Small, compact and attractive, the Stylus Photo P50 from Epson stands out from the majority of inkjet printers and MFDs in that it’s surprisingly light on features.
The front of the printer is relatively clutter-free, with just three buttons and no LCD screen. Given that the Stylus Photo P50 is primarily a photo printer, we were a little surprised to see that Epson has decided not to include any memory card slots. There’s also no wired or wireless network module, so connection to PC or Mac must be made via USB.
A flap at the front folds out to reveal the output tray. It’s a similar affair with the input tray, which sits behind another flap on top of the printer. Opening these flaps does make the whole thing look rather ungainly, but it also allows for it to be stored neatly away when not in use. A CD/DVD tray is also located at the front of the printer, allowing you to print labels onto compatible discs.
The Stylus Photo P50 uses Epson’s Claria dye-based inks, which the company claims results in longer-lasting prints. There are six inks in total, each housed in its own cartridge and costing £9.10 to replace. If you want to save a bit of cash, Epson also bundles all six inks together in a complete pack for £46.92, a saving of just under £8.
When printing in draft mode, the Stylus Photo P50 is pretty fast; we managed an impressive print speed of 25ppm when printing text. When in draft mode, though, the printer is also incredibly loud, with a thunderous clunk heard each time it sucks a sheet of paper in. On one occasion this caused it to accidentally grab two sheets of paper instead of one, but it cleverly spat them out before carrying on as normal.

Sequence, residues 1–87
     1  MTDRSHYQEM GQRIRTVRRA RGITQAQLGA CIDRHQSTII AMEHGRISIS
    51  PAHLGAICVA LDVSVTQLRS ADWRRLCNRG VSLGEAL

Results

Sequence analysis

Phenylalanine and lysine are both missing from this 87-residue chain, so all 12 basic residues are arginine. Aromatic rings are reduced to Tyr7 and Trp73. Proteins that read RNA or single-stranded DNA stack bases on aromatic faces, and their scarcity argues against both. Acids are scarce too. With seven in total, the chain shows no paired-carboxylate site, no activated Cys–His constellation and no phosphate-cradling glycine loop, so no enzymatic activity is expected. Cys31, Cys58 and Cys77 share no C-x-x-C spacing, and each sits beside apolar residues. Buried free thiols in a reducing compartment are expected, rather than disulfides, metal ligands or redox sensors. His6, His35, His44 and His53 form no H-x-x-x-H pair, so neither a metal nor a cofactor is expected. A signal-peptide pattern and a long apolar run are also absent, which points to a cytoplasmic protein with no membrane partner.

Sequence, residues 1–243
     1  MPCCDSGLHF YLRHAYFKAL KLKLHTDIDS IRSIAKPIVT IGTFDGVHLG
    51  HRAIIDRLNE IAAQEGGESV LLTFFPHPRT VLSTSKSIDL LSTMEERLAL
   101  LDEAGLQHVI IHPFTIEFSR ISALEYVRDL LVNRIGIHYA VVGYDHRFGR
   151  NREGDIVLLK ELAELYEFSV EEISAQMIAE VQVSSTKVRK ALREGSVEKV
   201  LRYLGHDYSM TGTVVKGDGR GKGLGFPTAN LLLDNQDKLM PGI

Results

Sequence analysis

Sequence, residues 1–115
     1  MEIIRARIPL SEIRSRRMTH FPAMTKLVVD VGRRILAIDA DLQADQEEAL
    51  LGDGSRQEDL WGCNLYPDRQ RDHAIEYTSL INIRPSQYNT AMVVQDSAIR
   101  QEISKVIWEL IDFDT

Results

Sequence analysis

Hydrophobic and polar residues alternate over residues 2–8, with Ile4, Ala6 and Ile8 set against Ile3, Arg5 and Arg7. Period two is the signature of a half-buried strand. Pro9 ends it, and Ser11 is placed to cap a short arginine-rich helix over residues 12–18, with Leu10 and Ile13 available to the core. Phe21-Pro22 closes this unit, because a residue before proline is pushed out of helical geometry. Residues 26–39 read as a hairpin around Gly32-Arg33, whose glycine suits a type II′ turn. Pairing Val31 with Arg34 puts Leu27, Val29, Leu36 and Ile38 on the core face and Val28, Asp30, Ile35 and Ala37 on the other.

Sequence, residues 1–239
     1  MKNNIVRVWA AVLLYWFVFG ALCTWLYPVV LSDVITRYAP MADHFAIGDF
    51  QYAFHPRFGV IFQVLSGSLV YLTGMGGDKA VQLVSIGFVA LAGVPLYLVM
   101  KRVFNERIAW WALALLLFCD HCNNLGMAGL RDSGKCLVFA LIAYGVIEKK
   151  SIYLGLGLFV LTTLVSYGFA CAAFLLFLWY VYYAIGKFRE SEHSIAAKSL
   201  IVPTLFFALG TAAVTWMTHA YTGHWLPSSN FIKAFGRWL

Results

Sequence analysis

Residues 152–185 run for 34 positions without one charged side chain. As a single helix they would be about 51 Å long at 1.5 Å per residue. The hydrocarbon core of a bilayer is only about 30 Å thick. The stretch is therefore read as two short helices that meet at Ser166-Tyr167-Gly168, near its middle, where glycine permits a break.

Slip out of draft mode and the speed of text documents drops right down to around 8ppm, with the first page taking about 25 seconds to reach the output tray.
But this printer is designed for high-quality photo prints, so it’s unlikely you’ll be using it solely to print text documents. And, as you might expect, photo printing is a much lengthier process. An A4 photo print using the highest quality setting took just over five minutes to appear. If you’re happy losing out on quality, faster photo prints can be obtained using the standard settings, and we managed a 6 x 4-inch print in just under 30 seconds.
The quality of the prints when using the highest setting is admirable. Using Epson’s Premium Glossy Photo Paper (a sample of which is included), colours are rich and detail is well defined. Our only complaint is that the photos tended to come out looking a little soft. Still, for a photo printer costing under £100, the quality is impressive.
Epson bundles a selection of software with the printer, including its Easy Photo Print application, while the driver lets you keep an eye on ink levels as well as apply features such as red-eye reduction.
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